Lawrence Sean Sibanda was born in Johannesburg in 1993 to Zimbabwean immigrants and raised in the heart of the City of Gold. While his parents migrated to England, Dragg returned to Zimbabwe during his teens and he quickly came to realise that Bulawayo and Johannesburg were culturally, linguistically and musically very interwoven.
Following a diagnosis with a severe case of meningitis at 12, Dragg’s eyesight and hearing deteriorated, later rendering him completely blind. Not letting his health complications become a hindrance, he set out to accomplish another vision with his remarkable ability to rhyme. Dragg delivers cleverly constructed wordplay with lyrical substance, as he narrates and brings to life tales surrounding his upbringing and environment.
Dragg joined his mother in the UK and practised his craft whilst finishing school. At 16, a collaboration with platinum producer OD Hunte on his first single “What You Need” caught the eye of BBC Look North and resulted in his first TV coverage. OD Hunte and Dragg continued to work together, gaining synchs for “True Champ” (Gilette World Sport, Coronation Street).
In 2011 Dragg met his writing & production partner GTBeats, and after working on several projects as a duo, they teamed up to provide their services to other artists. In South Africa, the duo produced King98’s single “Wacko” (featuring Def Jam artist Nasty C), which received heavy rotation in South Africa. They also co-produced “Sukuma” by DJ Jawz ft Aubrey Qwana and Balinde, which went on to chart in the top 10 on Metro FM. The team are currently working on Da L.E.S’ upcoming album, singles for DJ Speedsta, Buffalo Souljah (Channel O award winner) and Jamaican dancehall legend Beanieman.
In the UK, Dragg and GTBeats have worked with one of the most prominent female voices in Hip Hop and MOBO Award winner Lady Leshur on her single “Let The Beat Breathe.” Paigey Cakey, known for her role in popular British Soap Waterloo Road and her hits with Stormzy and Geko, enlisted the team to work on her single “Too Nice.”
Dragg has shared a stage with the likes of The Game, JLS, Wretch 32, Tim Westwood, DJ Ace and DJ Edu (the voice of Africa on BBC Radio 1xtra and known for his “Destination Africa” show). With his first release in five years, he now breaks out of his successful ghost-writing career to focus on his own music with the release of his EP, L.I.T on 21 August.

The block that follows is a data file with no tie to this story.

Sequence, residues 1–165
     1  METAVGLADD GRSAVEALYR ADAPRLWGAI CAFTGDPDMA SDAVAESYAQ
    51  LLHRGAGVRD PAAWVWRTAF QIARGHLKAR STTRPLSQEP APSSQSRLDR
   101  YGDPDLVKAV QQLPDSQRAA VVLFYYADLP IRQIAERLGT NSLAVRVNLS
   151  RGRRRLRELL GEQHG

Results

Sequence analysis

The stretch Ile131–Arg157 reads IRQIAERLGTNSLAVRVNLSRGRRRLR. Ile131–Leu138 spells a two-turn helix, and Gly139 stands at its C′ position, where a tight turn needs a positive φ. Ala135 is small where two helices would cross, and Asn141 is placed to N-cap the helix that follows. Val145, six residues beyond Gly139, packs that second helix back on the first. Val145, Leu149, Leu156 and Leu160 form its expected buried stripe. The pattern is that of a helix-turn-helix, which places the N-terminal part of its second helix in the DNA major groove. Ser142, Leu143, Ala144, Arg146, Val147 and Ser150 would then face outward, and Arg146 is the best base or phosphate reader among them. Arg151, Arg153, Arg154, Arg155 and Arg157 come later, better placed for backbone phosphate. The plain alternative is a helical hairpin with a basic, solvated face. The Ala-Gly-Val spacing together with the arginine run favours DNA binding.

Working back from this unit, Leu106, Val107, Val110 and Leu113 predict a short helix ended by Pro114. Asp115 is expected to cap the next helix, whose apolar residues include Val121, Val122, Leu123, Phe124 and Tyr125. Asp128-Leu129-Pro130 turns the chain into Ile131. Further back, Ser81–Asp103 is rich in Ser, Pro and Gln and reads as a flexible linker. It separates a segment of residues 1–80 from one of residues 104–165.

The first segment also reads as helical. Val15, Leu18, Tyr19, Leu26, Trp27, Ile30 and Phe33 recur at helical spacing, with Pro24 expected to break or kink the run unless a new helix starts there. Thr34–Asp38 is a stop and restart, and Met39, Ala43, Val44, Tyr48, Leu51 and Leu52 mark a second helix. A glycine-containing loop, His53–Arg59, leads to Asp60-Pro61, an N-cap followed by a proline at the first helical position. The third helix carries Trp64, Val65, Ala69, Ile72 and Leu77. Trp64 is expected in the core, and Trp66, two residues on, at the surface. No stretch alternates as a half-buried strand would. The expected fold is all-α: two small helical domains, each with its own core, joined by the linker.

The first single “Prayed Up” (3 July) delivers blistering rhymes on the social and economic situation that ordinary people find themselves negotiating, inadvertently pinpointing current culture and worldwide events. Dragg and GTBeats wrote and produced the lion’s share of L.I.T together.
Dragg’s music is influenced by West Coast Hip Hop in production and attitude, and lyrically by the dope hooks and sing along-style songs of South African Kwaito. Sonically reminiscent of The Game, Zola, Stogie T, Jay-Z, Pro Kid, J. Cole and Jadakiss.
His new single “Letter To My Love” ft. Frya has got critics and fans of trending new R&B and HipHop buzzing with excitement. It’s certainly been a long road for this artist from humble beginnings to now reaching an audience on the international level, but in Thinking, he proves that not only has he grown into his persona, but he’s ready to take his style to the next level for all of the world to enjoy.
I’ve always been a little more than hesitant about endorsing R&B singers when they’ve had a limited output and no chance to really demonstrate how far they can push the envelope as a performer. But I’m willing to make an exception with Frya for a very particular reason. “Letter To My Love” alludes to a certain sensuously dark yet open and freewheeling spirit that reminds me a lot of two artists in particular: LL Cool J and Jay-Z.
With this song, you can literally hear his heart when he raps, to the point where I’m convinced he could spit you a recipe for how to make chocolate chip cookies and it would come out sounding like straight gold. He’s genuine in the way he reaches out to you and vividly describes the thoughts and emotions that are rushing through his mind then you’ve got his music.
The most common gripe is that all of the artists sound the same and all of them lack any sort of real, legitimate authenticity. However, Dragg has got my attention, and I for one cannot wait to see where he goes with his work next.
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